The problem with this version, however, is the animation. Surprisingly, the problem isn’t the existence of the animation, but the quality of it. The animation is just really bad. Amazingly bad. The first time an animated scene played, I just sat, staring at my TV, marveling at how truly awful it was. I spent money to see this animation, and this is what I got. If it were an animated webcast from the mid-to-late 2000’s, it would be pretty good, but as professional animation done for commercial release on a DVD produced by a major television network in the UK, it’s bad. It’s of the same quality as the recent BBC animated reconstructions have been, but they’ve been bad, too. You could almost ignore how bad the animation was in those, however, since it wasn’t intercut with real footage. It’s jarring to go from the filmed scenes to the utterly lifeless animation. Had the animation been better, the cutting back and forth would likely have been fairly seamless, but as it is, it’s distracting.
It’s not all bad, though. It’s almost impossible to recognize the newly recorded dialogue. All the actors sound almost exactly the same as they did all those years ago and the soundtrack that links all the scenes together does a great job at dulling the edges of the newly juxtaposed scenes. The design of Shada, the prison planet, is a lot more interesting in this version than in the 2003 webcast, too. But that’s really the only improvement on set design. The rest is disappointingly bland. I understand that they were probably trying to realistically match the kind of sets we’d have gotten in the 1970s, but after seeing the sets from the 2003 webcast, it’s just disappointing.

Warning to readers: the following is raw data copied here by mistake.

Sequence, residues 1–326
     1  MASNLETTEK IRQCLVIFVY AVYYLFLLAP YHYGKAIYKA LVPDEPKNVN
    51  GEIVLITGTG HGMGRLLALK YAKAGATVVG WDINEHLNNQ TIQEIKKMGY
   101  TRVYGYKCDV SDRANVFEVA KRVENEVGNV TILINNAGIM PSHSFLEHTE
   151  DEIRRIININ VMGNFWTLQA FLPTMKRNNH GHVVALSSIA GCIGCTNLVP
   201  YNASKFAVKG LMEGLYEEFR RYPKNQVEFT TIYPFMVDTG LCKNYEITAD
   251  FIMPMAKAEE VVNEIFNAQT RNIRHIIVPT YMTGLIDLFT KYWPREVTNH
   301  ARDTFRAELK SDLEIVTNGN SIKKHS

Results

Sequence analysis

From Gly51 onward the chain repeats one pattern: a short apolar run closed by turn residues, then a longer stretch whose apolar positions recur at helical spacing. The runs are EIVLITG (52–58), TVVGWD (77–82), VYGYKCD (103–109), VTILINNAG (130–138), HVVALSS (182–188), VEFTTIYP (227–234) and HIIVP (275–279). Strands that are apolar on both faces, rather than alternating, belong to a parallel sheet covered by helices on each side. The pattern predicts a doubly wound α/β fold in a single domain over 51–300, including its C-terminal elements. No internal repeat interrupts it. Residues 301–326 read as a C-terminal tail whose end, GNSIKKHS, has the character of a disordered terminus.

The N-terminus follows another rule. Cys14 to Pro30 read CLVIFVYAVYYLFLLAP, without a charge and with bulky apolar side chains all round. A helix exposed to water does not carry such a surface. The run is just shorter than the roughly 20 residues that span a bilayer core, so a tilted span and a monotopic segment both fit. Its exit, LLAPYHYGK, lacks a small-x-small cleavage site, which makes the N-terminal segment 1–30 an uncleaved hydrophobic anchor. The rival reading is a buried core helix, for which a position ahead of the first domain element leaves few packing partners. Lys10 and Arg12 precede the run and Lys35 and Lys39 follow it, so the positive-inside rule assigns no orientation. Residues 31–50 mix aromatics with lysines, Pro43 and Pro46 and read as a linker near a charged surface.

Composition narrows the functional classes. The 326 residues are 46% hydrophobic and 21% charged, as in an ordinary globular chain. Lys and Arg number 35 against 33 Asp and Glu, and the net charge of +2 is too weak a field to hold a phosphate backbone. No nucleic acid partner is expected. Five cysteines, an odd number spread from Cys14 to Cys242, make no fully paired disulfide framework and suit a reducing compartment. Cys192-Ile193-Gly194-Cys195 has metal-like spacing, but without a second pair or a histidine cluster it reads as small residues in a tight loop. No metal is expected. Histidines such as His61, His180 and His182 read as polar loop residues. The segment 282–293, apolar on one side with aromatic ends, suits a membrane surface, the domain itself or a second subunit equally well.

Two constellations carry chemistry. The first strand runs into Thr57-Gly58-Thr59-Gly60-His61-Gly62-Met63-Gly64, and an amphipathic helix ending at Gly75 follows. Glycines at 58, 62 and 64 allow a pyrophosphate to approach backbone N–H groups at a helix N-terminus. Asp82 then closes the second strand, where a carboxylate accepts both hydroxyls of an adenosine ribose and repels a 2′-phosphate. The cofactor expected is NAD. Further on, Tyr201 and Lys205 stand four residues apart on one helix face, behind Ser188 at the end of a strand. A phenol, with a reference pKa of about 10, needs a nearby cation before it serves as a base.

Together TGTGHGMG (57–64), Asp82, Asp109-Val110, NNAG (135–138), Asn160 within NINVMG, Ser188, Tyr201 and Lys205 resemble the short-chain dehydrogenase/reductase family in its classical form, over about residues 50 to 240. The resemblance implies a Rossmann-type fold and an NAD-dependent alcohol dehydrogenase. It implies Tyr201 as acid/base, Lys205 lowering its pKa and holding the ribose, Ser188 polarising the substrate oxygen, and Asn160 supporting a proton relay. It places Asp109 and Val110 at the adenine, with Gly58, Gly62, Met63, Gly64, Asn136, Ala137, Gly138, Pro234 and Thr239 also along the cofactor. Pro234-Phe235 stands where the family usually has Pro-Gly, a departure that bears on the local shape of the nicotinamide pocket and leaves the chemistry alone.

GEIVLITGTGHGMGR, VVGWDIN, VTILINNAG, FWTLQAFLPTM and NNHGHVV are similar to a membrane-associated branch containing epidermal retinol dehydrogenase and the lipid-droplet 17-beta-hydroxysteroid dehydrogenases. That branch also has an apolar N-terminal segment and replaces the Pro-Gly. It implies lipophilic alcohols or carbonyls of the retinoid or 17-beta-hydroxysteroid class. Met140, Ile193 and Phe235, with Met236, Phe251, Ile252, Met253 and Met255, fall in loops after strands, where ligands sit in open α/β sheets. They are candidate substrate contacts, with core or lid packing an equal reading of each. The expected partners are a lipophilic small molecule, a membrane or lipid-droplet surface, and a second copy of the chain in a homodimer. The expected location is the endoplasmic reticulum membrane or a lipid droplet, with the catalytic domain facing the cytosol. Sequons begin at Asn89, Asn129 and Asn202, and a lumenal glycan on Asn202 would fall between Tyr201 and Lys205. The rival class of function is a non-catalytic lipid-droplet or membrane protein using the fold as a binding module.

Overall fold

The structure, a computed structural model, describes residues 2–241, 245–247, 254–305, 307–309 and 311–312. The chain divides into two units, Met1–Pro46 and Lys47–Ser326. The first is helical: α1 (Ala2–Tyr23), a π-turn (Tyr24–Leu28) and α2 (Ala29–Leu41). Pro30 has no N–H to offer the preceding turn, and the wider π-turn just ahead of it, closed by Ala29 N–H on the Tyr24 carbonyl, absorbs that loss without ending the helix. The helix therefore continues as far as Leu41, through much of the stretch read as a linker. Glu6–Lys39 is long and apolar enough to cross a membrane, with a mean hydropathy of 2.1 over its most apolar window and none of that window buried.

This version would’ve worked better if they’d just animated the entire thing. For a start, they’d have been free to be as imaginative with the set designs as they wanted to be; there’d have been no reason for them to try and make it look like it would’ve looked. Had it all been animated, the quality of the animation would be more forgivable, too. Alternatively, they could’ve spent the money they used to restore the existing footage to pay for better animation for the entire production had they chosen to just animate the whole thing. As it stands, this version of Shada is a Frankenstein of a beast. It’s nice having a version that’s fully completed with all the original footage and the original cast, but the quality of the animation really lets it down.
Which Shada is the Best Shada?
The ultimate question, then, is which version is the best version? Which Shada is the definitive Shada? Each version has their pros and their cons. The 2017 animated version suffers from weak animation that jars with the surviving footage. The 2003 version suffers from little animation, but fantastic designs for the various sets. The book suffers from having no visual representation but benefits from the lack of budget constraints. Personally, I think the book does the best job of conveying the story. The way it’s able to take us inside the heads of the characters and the way it bounces from one point of view to another really helps the story shine. I have a soft spot for the 2003 Big Finish version, mostly because I adore Paul McGann’s Eighth Doctor, but at the end of the day, all three of these versions are good. If you’re curious about this story, you can’t go wrong with any of them. I’d say check out the novel first, then the Big Finish version, then the 2017 BBC DVD. But whichever version you can get your hands on won’t disappoint you.
2003 Webcast/Big Finish adaptation: 4 out of 5 wands
2012 Novelization: 4.5 out of 5 wands
2017 BBC Animation: 3.5 out of 5 wands